Articles Posted in INVESTMENT FRAUD

May 22, 2010 – Edward Allen and David Olson operated their real estate company, A & O Investments, LLC, as a Ponzi scheme according to the Securities and Exchange Commission (“SEC”). The SEC’s complaint filed in an Ohio federal court claims that from September 2005 to December 2008 Allen and Olson raised about $14.8 million from at least 100 investors.

Apparently, A & O Investments enticed buyers by offering promissory notes with annual interest rates of 20%. Allegedly, Allen and Olson claimed that the money raised from the notes would be used to purchase and rehabilitate real estate, primarily in Florida. The complaint further alleges that A & O would profit from sales of the refurbished real estate and Allen and Olson represented to clients that they had been making successful transactions.

The SEC alleges that Allen and Olson recruited investors by sending mass mailings and word of mouth. Also, Allen and Olson apparently solicited customer of their former employer World Group Securities, Inc., a Georgia based securities broker-dealer.

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May 10, 2010 – Victims of the Millennium Bank Ponzi scheme have survived a motion to dismiss filed by Defendant JPMorgan Chase Bank in their class action lawsuit. The complaint alleges that the bank aided and abettedThumbnail image for Thumbnail image for jpmorgan_logo.jpg the perpetrators of a $200 million Ponzi scheme which operated out of offices located in Napa, California. U.S. Magistrate Judge Edward Chen refused to dismiss four out of five of the counts, which will now proceed into a discovery phase requiring JPMorgan to produce documents and answer questions about its banking activities.

JPMorgan is the successor of failed Washington Mutual Bank (“WAMU”), which had branches in Napa, where Millennium’s mastermind, William Wise and his associates, carried out their banking activities. Wise lured over 250 investors by offering certificates wamu_logo.jpgof deposit (CDs) with unrealistically high interest rates. Millennium Investors were instructed to mail checks to Napa, which were presented for deposit at the WAMU branches. Millions were commingled and then either transferred offshore or used by Wise and his cohorts for personal expenses, including payments for a private jet, an extensive wine collection, and to support Wise and his family’s extravagant lifestyle.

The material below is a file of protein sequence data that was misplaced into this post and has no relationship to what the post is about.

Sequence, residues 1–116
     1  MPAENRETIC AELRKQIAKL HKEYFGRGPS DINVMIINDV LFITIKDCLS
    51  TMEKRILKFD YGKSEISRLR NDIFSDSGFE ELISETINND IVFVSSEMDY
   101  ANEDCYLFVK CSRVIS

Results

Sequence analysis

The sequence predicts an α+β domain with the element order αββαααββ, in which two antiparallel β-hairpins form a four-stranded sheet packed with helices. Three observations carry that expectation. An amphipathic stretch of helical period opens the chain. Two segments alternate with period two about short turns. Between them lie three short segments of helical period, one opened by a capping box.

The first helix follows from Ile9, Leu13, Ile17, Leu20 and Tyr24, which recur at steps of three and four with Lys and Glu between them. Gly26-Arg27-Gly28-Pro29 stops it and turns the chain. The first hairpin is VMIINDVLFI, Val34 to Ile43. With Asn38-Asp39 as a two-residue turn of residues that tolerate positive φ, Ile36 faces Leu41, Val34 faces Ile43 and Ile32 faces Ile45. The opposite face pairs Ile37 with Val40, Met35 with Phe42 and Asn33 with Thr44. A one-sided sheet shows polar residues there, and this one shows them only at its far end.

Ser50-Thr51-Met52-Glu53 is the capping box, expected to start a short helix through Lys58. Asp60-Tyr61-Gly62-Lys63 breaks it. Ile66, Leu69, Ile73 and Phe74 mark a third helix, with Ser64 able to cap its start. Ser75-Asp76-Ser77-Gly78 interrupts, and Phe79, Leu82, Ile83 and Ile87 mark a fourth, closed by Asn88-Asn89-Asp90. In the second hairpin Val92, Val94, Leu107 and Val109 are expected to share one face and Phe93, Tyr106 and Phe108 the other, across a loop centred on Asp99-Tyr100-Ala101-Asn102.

The complaint alleges that WAMU continued to conduct business with Millennium even though it knew that investor monies were being siphoned away. Judge Chen determined that the allegations in the Complaint, if proved, would state a cause of action. Specifically, he permitted the claims of aiding and abetting fraud, aiding and abetting conversion, breach of fiduciary duty, and violation of California Business Code to proceed. However, he found no evidence to support the claim that there was a conspiracy to commit fraud.

The judge’s decision appears below:

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April 22, 2010 – Nevin Shapiro allegedly operated Capitol Investments USA, Inc. (“Capitol”), a Miami based grocery diverter, as an investment fraud. According to the complaint filed by the

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  Securities and Exchange Commission (“SEC”), Shapiro’s fraud raised $900 million from at least 60 investors across the country.
According to the SEC, from February 2003 to November 2009, Shapiro sold Capitol promissory notes with interest rates ranging from 10 to 26 percent. Apparently, Capitol couldn’t keep up with the payments to investors and in January 2005, Shapiro began operating Capitol as a Ponzi Scheme. The complaint claims that Shapiro used his business contacts and word of mouth to attract investors and told them that their money would be used to finance the purchasing and reselling of groceries.